The Political Economy of Macroeconomic Policy Reform in Latin America

The Political Economy of Macroeconomic Policy Reform in Latin America

The Distributive and Institutional Context

Eduardo Wiesner

Eduardo Wiesner’s book makes an important contribution to the understanding of development by blending together the interdependent issues of (i) macroeconomic performance and volatility, (ii) equity and distributive justice, (iii) fiscal deficits and the redistributive effectiveness of social public expenditures, and (iv) the demand for the ‘right’ institutions and for policy reform in Latin America. It does this by examining recent macroeconomic crises from a political economy perspective, and finds that information is the critical algorithm that links together the demand for macroeconomic stability, macroeconomic performance and, ultimately, distributive justice.

Chapter 1: Overview: The Current Status and Prospects of the Reform Process

Eduardo Wiesner

Subjects: development studies, development economics, economics and finance, development economics, political economy, politics and public policy, political economy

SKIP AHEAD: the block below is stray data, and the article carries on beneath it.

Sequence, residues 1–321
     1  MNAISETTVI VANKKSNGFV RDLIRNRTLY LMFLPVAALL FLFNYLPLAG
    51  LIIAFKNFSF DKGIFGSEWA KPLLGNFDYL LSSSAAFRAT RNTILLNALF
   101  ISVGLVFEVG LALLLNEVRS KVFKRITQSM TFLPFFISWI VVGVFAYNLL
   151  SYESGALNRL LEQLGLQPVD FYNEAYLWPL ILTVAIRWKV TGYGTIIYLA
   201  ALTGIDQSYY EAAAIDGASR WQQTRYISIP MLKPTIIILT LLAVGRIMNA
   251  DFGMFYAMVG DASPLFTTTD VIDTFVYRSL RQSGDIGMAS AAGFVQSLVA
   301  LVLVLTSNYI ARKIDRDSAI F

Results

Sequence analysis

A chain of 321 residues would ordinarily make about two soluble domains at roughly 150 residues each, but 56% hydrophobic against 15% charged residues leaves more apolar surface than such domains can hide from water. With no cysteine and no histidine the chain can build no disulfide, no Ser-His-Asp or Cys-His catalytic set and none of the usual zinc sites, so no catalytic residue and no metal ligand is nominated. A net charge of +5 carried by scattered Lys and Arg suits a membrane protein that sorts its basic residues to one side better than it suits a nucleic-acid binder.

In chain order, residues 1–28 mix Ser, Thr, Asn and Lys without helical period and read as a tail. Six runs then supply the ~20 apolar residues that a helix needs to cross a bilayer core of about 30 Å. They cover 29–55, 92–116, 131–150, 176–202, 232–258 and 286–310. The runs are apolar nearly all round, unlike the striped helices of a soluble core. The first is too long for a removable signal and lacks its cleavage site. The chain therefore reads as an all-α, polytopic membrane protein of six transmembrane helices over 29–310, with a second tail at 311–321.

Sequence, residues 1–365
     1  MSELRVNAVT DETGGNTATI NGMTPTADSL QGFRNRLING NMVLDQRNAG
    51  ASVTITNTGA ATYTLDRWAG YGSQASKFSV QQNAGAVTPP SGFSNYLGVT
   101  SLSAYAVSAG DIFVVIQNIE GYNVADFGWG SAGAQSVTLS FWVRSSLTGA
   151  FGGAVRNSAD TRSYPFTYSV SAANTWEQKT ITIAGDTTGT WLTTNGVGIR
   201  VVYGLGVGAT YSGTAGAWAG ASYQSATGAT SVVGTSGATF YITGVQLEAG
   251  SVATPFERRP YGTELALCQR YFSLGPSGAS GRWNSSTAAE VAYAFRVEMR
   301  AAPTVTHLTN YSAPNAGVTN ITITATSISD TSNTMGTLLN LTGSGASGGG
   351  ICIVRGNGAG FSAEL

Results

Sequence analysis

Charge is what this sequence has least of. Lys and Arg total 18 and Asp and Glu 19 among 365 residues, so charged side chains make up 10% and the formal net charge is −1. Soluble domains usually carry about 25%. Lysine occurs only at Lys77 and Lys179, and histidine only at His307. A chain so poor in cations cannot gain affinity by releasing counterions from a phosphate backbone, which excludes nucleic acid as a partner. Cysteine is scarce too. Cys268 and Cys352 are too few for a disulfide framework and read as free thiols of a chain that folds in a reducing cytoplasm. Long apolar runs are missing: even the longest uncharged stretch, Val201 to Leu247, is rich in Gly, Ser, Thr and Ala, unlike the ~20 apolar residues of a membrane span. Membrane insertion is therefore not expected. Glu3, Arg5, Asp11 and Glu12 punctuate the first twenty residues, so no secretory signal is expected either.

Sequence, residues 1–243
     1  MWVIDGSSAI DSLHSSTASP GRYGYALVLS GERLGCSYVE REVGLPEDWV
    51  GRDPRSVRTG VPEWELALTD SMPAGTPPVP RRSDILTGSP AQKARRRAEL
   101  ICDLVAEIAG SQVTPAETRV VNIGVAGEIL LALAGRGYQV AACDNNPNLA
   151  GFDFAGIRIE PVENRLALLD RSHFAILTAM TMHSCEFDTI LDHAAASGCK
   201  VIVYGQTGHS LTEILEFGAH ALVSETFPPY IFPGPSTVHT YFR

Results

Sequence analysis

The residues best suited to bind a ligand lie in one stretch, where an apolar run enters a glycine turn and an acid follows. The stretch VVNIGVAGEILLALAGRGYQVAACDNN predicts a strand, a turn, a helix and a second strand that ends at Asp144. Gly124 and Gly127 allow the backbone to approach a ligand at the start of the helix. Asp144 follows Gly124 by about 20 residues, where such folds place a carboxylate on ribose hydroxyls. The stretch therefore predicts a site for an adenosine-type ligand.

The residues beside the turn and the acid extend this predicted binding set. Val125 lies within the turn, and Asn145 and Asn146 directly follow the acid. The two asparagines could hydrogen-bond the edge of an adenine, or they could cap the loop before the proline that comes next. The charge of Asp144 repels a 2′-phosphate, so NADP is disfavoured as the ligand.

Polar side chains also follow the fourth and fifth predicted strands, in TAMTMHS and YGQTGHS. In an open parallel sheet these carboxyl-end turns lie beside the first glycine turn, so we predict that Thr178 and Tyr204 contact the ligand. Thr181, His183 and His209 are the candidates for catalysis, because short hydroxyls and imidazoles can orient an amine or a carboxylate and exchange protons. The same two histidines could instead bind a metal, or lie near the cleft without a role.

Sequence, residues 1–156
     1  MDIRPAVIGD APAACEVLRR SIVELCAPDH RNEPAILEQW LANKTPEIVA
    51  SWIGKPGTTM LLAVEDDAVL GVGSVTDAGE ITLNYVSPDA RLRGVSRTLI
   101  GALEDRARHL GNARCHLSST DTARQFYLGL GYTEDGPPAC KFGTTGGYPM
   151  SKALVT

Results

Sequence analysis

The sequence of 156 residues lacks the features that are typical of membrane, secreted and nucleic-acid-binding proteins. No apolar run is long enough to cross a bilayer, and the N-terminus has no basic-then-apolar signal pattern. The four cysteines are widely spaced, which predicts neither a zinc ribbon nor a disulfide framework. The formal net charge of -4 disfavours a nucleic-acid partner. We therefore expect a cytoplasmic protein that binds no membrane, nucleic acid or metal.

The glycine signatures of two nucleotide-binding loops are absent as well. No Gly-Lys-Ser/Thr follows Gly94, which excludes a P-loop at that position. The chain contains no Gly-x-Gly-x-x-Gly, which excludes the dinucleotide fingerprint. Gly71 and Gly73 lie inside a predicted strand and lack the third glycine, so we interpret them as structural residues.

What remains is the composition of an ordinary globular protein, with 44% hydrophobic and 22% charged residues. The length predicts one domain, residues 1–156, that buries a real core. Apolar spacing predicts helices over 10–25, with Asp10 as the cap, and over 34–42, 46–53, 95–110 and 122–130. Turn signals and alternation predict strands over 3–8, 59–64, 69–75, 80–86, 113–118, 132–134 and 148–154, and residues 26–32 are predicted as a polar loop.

Deductive reasoning no longer suffices for predicting economic behavior without constant assistance from empirical observation. Herbert A. Simon (1957) This overview offers a summary of the current status of the process of macroeconomic policy reform in Latin America. The focus is on the main reforms emerging out of the macroeconomic crisis that several countries experienced since the mid-1990s. The central objective is to extract the underlying political economy factors (that is, the real interests and incentives) that may explain the nature and rationale of the policies adopted and of the results observed. The idea is not only to look at the immediate past or even at the present but also to try to extract the political economy and policy implications that are particularly relevant for a forward-looking perspective. In general terms Latin America has done well since about 2002–03; the question is, to what extent have the reforms adopted actually given the region enough macroeconomic resiliency and political tolerance to assimilate the upcoming unfolding of international adjustment processes and of each country’s own particular circumstances? The answer seems to vary across countries and appears to be largely a function of the pace at which distributive justice and equity challenges are perceived and are actually addressed and corrected. The overview ends with the key policy implication that one of the most important sources and origins of the political demand for reforms and for institutional transformation, on the one hand, and for the eventual supply of the ‘right’ institutions...

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